Nuptials May Bring New Tax Obligations
Planning a wedding can be an exciting and stressful time in a couple’s life. There’s so much to think about – the flowers, the cake, the venue, the fact that you are a U.S. citizen and your spouse-to-be owns a Canadian corporation…
Oh. You hadn’t thought about that yet?
If you are a U.S. citizen who is about to marry a Canadian, and that Canadian is a shareholder in a Canadian corporation (or any corporation outside of the U.S.), it’s time to get up to speed on your new reporting obligations to the Internal Revenue Service (IRS).
It’s no secret that the U.S. government likes to keep tabs on the earnings and wealth of its citizens. In fact, the IRS requires that U.S. citizens and green card holders, regardless of residency status, must report on their worldwide income and assets on an annual basis. This is particularly true when it comes to offshore accounts or holdings that could have the appearance of being a means to hide income and assets from the watchful eye of the IRS.
To the IRS, a foreign corporation is a great mechanism for hiding taxable income. And as far as the IRS is concerned, if you have a close relative who owns at least 10% of the stock in a Canadian or other foreign corporation, you could magically become a U.S. citizen who has acquired or owns at least 10% of the stock in a foreign corporation. Even if you don’t.
According to Internal Revenue Code section 6046(c), “…stock owned directly or indirectly by a person (including, in the case of an individual, stock owned by members of his family) shall be taken into account. For purposes of the preceding sentence, the family of an individual shall be considered as including only his brothers and sisters (whether by the whole or half blood), spouse, ancestors, and lineal descendants.”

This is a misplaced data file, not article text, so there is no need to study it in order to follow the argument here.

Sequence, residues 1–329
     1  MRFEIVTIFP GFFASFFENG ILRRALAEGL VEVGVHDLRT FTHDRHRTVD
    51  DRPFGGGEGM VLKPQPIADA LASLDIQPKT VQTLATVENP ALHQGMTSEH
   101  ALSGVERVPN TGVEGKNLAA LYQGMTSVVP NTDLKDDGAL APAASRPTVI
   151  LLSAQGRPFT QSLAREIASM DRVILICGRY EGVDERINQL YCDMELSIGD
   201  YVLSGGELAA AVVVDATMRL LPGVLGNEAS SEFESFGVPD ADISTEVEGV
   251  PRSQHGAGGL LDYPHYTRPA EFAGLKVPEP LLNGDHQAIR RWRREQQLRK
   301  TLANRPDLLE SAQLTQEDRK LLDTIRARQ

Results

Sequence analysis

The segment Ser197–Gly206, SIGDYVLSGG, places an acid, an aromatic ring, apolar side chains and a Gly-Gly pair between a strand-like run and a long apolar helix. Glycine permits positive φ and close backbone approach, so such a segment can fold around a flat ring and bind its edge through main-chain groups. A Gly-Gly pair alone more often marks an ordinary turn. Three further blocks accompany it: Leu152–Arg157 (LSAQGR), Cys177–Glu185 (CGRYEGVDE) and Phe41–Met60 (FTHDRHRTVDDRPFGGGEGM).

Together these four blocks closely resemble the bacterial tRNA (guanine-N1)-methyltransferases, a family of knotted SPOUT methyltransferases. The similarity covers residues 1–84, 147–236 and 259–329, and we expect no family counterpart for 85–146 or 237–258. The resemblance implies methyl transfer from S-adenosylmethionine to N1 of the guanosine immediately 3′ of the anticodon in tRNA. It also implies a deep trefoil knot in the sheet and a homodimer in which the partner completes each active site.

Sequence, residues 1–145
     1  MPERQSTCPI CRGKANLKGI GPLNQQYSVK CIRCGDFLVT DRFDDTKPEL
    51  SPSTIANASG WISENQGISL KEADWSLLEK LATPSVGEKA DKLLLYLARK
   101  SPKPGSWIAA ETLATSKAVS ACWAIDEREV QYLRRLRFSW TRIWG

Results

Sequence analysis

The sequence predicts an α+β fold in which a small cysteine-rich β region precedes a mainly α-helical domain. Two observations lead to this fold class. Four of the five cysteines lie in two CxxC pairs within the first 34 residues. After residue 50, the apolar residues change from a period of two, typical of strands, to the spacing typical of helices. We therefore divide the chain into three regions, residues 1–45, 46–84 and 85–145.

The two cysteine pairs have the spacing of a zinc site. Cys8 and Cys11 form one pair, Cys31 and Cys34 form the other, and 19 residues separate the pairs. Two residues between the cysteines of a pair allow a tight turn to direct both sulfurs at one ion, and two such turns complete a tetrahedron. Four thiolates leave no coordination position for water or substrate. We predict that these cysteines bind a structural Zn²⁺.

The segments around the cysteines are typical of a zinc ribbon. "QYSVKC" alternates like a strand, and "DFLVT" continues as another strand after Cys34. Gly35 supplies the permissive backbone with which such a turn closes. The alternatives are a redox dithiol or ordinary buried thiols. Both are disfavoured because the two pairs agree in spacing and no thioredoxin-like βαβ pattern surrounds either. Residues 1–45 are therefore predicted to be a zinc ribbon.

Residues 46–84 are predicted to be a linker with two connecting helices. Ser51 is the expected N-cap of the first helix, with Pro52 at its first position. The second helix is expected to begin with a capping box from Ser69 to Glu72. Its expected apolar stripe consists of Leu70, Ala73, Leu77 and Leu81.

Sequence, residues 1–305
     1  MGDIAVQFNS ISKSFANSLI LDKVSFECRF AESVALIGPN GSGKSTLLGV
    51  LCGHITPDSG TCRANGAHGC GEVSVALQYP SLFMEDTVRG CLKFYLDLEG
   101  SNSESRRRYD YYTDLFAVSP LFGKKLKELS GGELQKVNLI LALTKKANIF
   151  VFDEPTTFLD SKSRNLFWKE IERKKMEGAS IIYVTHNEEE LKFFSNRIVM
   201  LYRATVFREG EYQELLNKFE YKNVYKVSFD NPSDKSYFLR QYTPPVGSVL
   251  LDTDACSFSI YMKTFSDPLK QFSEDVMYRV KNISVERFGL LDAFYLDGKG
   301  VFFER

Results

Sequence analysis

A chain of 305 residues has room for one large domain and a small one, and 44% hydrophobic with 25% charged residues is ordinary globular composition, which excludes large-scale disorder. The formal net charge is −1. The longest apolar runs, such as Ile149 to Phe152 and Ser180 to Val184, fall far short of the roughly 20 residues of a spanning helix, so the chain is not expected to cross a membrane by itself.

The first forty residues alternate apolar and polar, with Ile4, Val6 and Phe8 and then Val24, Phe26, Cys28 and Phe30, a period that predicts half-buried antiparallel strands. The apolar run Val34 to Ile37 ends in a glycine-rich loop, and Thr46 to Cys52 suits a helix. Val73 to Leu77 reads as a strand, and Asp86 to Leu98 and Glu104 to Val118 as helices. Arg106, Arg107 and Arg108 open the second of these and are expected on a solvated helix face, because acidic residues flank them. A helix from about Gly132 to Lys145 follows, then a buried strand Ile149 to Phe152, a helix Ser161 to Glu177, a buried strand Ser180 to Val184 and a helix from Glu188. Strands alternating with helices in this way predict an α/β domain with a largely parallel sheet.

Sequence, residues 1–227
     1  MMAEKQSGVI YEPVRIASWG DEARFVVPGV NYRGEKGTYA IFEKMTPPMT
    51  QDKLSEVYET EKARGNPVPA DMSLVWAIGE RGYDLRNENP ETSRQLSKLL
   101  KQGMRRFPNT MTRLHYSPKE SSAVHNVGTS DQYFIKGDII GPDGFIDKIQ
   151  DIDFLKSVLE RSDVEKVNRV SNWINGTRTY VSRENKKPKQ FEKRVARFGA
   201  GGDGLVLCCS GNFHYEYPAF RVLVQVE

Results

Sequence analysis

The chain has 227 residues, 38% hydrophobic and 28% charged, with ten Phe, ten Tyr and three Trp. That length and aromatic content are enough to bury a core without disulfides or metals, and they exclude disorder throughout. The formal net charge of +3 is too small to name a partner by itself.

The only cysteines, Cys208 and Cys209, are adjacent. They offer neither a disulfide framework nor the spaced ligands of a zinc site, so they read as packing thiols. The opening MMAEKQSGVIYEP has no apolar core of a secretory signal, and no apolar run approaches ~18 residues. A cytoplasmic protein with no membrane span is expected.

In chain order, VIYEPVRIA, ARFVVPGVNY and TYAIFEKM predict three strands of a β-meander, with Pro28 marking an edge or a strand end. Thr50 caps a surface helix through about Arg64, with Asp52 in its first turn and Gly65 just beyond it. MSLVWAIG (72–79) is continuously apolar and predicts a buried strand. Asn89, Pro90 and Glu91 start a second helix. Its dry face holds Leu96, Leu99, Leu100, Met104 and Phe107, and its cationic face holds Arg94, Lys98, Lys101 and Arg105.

This is known as “constructive ownership” and it isn’t the most straightforward of tax rules. It means – using the example of a U.S. citizen marrying the owner of a foreign corporation – if you are a U.S. citizen and you marry someone who owns stock in a foreign corporation, you should report this as your own inherited / imaginary foreign ownership interest to the IRS via Form 5471, Information Return of U.S. Persons with Respect to Certain Foreign Corporations.
More specifically, under the constructive ownership rules, if the U.S. person does not directly own or control stock and their spouse-to-be who does own stock is a non-resident alien (i.e. a person who does not have U.S. tax obligations), the U.S. person has only acquired foreign stock and has a one-time filing requirement for Form 5471. This individual is considered a “Category 3” filer. There are five categories of filer that are relevant to Form 5471, but a Category 3 is the most likely scenario in the event of a crossborder marriage.
This is a very high-level explanation of this filing requirement for U.S. citizens who marry an owner of a foreign corporation. For detailed definitions on the various filing categories, see the instructions to Form 5471.
If a crossborder marriage is what you are about to embark upon, you may want to set aside the cake tasting and seating arrangements for a moment to consider the constructive ownership rules and any other rules that could come into effect on the day of your nuptials. Overlooking U.S. tax obligations typically comes with punitive action on the part of the IRS. In the case of Form 5471, failing to file could result in up to a $60,000 penalty for the U.S. citizen spouse.
But there’s no need to get cold feet! While it may sound a bit scary, a reputable advisor who understands taxation of U.S. citizens and the possible complications of crossborder marriage can help ensure your walk down the aisle is worry-free…at least from a tax perspective.
Where Complexity Meets Clarity